UNESCO designates 8th September every year as International Literacy Day. It promotes the importance of literacy as a human right. Who among us doesn’t love getting caught up in a great novel? In this modern world, very few activities still require your full attention, we’re always on our phones or something, but reading is still an exclusive action for me. It transports you to another world. To mark this important day and highlight it, I took a look at the literacy level of one of my great-great grandmothers.
Many records that we use for genealogy can tell us about a person’s literacy. The census of 1901 & 1911 specifically asked people if they could read and write. Records of birth, marriage and death showed an X if a person was illiterate. Literacy is not simply about access to education.
In the 18th century, formal schools in Ireland were generally run by Protestant organisations with state support. Catholics were allowed to attend them, but parents were reluctant to permit their children to go for fear of proselytism. Penal laws enacted in the 17th century forbade formal Catholic education and did not allow parents to send their children aboard, though the latter would have had limited application. Middle and upper-class girls were usually educated at home by governesses. Despite the obstacles to Catholics, there was still a desire to educate and hedge schools, open to both sexes, arose all over the country. Purpose-built locations were not available and teachers, usually male, made use of whatever building or outdoor space was possible, which gave rise to the name. These were fee-paying establishments. However, where people were unable to afford fees, bartered produce was accepted. Parents had a say in the curriculum, which usually consisted of reading and writing, arithmetic, English, Latin and Greek. Science, history, geography and classic literature were sometimes offered. The subject matter was teacher-led, whose abilities ‘ranged from bare literacy to inflated pedantry to genuine scholarly achievement’.* Most people were still Irish-speakers at this stage.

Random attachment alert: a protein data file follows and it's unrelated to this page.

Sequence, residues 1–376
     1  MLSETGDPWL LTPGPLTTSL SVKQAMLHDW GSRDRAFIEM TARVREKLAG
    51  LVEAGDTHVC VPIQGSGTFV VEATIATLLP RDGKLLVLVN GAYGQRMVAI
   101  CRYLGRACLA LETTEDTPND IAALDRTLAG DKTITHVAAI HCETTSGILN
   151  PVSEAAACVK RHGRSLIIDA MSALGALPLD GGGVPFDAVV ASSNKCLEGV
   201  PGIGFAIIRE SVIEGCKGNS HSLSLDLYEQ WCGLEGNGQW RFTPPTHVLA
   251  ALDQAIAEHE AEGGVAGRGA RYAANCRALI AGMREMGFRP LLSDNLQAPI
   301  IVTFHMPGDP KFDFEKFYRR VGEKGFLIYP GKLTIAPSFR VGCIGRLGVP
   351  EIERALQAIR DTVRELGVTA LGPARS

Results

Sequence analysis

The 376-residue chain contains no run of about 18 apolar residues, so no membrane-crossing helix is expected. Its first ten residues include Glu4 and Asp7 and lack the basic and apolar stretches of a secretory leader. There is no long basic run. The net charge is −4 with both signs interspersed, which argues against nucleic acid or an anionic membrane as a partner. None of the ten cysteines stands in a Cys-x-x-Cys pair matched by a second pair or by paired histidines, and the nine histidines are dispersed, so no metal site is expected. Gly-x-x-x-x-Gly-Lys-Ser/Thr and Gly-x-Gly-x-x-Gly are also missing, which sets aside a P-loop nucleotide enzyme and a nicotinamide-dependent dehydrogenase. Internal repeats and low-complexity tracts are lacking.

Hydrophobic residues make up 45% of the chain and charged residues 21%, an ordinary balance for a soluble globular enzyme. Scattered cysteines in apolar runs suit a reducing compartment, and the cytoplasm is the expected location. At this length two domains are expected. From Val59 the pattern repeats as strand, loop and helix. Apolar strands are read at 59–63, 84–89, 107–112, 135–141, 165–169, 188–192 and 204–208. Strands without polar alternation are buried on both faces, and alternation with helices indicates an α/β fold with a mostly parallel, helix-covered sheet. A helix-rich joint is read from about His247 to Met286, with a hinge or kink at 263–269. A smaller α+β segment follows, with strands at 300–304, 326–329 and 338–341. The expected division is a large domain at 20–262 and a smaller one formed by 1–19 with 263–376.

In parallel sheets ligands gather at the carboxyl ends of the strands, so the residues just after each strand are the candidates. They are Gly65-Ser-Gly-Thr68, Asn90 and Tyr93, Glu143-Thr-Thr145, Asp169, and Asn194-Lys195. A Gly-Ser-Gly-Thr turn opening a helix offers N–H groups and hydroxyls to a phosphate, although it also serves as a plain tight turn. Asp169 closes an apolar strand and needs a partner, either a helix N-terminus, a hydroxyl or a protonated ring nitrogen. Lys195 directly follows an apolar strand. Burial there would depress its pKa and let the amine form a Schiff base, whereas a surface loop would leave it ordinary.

By the 1820s, it was clear that a national system of formal education was required. An 1821 report showed that just 32% of those aged five to fifteen were in school. A subsequent investigation found that hedge schools were of limited value, though later historiography has established that the inquiry was prejudiced. Ultimately, the results of this inquiry led to the establishment of the national school system in 1831, free and open to everyone. Though there was universal support for education – by 1870, almost one million children were enrolled – a struggle to control it raged between the churches. Schools were intended to be non-denominational, with religious instruction taking place separately. Practically, this did not work. By the mid-19th century, schools were mostly segregated by religion, the majority of which were Catholic. However, universal compulsory attendance was not required until the 1890s. There can be no doubt that Irish literacy was greatly improved by the new system. By 1911, the rate of illiteracy was just over 8%.